Genetics of Aggressiveness in Fusarium Graminearum

Grants and Contracts Details


Project Title: Role of Chemotype in Aggressiveness and Toxigenicity of Fusarium graminearum on Wheat Principal and Co-Investigator(s): Institution: University of Kentucky Principal Investigator: Lisa Vaillancourt Institution: USDA ARS NCAUR Co-Investigator #1: Robert Proctor PROJECT SUMMARY Numerous reports indicate that 3ADON strains are more aggressive, toxigenic, and competitive than 15ADON strains, constituting higher risk for wheat producers. However, previous work relied on correlations in natural populations, and some studies found no relationship. Our overall goal is to use classical genetics and genomics to test the hypothesis that 3ADON confers higher levels of aggressiveness, toxigenicity, and competitiveness than 15ADON, regardless of genetic background, including with fungicide treatment and in moderately resistant wheat. We will also identify other genetic loci contributing to these phenotypes. Our project aligns with the collaborative PBG and MGMT research priority “Investigate how genotypic and phenotypic diversity in populations of FHB-causing Fusarium, and Fusarium species complexes, influences the management of FHB. Priority aspects of pathogen diversity include fungicide sensitivity, mycotoxin profiles, and ability to cause severe disease on widely used sources of genetic resistance in wheat and barley”. Objectives include: 1) Determine whether trichothecene toxin chemotype, mating type locus, and other genetic makers exhibit Mendelian segregation among progeny from crosses of strains from different F. graminearum populations. The primary outcome will be a 15ADON x 3ADON mapping population, but also additional resources to facilitate future genetic studies of other factors related to pathogenicity and fitness in F. graminearum. 2) Determine whether individuals and mixtures of progeny from outcrosses differ in aggressiveness, toxigenicity, and competitiveness in susceptible and moderately resistant wheat in the presence and absence of fungicides. Greenhouse trials will be spray- inoculated, disease severity will be evaluated, and tissue collected for mycotoxin analysis and qPCR-chemotyping of surviving strains from strain mixtures. Our hypothesis will be supported if the 3ADON chemotype is statistically associated with high levels of toxigenicity and aggressiveness, and if 3ADON strains are selectively advantaged in mixed inoculations. 3) Identify DNA markers associated with aggressiveness and high toxin production by analyzing whole genome sequence data from pools of progeny that differ in these traits. DNA isolated from selected progeny pools will be Illumina sequenced and mapped to reference genomes. Relative representation of mapped SNPs across the genome will be calculated; linked markers that diverge significantly from the expected 1:1 ratio will identify QTLs for aggressiveness, toxigenicity, and competitiveness under different management regimes. Our long-term goal is to identify conserved markers, including chemotype if our hypothesis is supported, for genotyping pathogen populations and predicting their damage potential. This information could augment next-generation risk assessment models to help growers make profitable management decisions.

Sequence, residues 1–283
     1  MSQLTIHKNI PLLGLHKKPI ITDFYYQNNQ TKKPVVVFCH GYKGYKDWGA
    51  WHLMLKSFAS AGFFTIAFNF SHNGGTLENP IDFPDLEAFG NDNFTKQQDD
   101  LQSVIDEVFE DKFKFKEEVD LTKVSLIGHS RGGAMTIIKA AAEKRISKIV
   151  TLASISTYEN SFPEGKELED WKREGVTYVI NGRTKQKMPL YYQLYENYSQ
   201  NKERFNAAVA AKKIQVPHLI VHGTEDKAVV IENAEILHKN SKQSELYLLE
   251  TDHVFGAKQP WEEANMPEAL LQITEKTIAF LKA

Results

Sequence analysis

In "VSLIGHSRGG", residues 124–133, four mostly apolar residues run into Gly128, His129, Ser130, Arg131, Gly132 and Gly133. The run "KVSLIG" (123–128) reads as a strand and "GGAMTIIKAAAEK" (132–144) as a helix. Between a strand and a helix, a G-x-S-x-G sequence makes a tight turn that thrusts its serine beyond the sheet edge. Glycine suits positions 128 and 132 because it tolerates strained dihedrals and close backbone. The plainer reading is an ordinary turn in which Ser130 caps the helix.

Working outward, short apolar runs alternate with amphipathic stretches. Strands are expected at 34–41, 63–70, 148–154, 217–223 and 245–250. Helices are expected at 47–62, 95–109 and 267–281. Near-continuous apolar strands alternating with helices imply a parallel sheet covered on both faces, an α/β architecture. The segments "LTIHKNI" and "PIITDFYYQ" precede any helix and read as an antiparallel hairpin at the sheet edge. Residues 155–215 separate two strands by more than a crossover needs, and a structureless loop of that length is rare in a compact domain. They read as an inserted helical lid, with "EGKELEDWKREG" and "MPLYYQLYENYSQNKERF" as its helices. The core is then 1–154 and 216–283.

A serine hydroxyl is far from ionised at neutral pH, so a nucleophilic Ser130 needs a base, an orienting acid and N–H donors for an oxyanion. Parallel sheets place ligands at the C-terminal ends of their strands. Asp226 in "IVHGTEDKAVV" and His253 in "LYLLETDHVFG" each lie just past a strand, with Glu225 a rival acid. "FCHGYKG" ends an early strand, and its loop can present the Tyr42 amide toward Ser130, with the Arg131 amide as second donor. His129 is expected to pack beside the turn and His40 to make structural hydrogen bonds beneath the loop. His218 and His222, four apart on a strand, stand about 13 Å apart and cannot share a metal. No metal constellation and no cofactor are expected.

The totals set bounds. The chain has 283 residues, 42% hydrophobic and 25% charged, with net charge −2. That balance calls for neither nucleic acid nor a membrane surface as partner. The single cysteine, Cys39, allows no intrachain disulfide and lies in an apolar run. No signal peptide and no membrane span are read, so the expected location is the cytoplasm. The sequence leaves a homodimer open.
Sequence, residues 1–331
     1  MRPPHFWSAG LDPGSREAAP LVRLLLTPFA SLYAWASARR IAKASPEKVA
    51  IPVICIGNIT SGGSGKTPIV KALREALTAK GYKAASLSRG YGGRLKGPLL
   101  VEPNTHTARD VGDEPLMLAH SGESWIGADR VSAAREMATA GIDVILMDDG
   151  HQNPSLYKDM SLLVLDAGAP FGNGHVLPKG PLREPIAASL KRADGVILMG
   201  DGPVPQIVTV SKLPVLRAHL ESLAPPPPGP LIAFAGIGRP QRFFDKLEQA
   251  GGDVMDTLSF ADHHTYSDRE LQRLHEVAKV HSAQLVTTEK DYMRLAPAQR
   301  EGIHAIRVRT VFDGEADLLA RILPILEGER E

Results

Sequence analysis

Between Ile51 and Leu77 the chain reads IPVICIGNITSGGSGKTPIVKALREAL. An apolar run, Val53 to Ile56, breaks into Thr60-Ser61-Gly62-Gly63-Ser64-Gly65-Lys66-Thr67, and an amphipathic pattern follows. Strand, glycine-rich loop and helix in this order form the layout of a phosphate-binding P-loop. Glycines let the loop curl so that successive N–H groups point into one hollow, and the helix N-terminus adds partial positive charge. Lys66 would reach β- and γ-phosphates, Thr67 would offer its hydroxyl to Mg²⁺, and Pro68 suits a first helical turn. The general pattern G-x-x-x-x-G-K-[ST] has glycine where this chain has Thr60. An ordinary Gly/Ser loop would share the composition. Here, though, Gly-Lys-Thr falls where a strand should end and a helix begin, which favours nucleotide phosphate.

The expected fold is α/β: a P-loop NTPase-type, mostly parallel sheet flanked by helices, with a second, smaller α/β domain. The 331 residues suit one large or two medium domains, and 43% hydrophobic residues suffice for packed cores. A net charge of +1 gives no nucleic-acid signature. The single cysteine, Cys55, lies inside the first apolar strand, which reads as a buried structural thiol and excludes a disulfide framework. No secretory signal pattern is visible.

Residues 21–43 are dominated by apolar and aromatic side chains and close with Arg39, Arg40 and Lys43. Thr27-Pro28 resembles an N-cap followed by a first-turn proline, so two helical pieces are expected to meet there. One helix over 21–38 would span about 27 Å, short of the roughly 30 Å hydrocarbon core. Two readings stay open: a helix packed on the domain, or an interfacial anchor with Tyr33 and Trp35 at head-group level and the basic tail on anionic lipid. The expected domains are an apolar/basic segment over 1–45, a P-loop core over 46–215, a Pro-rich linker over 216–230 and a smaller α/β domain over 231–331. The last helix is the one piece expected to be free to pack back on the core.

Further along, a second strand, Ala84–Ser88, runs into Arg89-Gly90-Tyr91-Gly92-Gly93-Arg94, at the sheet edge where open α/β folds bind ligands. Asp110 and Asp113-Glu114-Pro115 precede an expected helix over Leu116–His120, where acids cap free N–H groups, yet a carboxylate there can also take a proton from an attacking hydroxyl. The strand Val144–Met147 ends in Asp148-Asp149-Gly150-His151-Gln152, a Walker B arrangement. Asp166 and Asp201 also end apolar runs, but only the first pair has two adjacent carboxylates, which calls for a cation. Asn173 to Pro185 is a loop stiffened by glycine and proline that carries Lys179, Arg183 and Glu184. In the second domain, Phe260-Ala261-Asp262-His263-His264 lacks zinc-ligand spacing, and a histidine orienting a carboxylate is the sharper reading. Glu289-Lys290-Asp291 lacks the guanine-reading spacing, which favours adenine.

Effective start/end date5/1/224/30/26


  • Agricultural Research Service: $40,937.00


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